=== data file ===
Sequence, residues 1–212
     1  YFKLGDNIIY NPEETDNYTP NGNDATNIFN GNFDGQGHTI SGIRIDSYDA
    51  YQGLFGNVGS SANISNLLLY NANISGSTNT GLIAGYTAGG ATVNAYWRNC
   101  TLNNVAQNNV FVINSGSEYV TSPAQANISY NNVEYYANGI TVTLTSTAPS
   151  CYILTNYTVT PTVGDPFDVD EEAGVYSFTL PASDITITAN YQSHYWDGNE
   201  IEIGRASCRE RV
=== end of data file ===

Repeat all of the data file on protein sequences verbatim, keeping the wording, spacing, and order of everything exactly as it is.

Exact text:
Sequence, residues 1–212
     1  YFKLGDNIIY NPEETDNYTP NGNDATNIFN GNFDGQGHTI SGIRIDSYDA
    51  YQGLFGNVGS SANISNLLLY NANISGSTNT GLIAGYTAGG ATVNAYWRNC
   101  TLNNVAQNNV FVINSGSEYV TSPAQANISY NNVEYYANGI TVTLTSTAPS
   151  CYILTNYTVT PTVGDPFDVD EEAGVYSFTL PASDITITAN YQSHYWDGNE
   201  IEIGRASCRE RV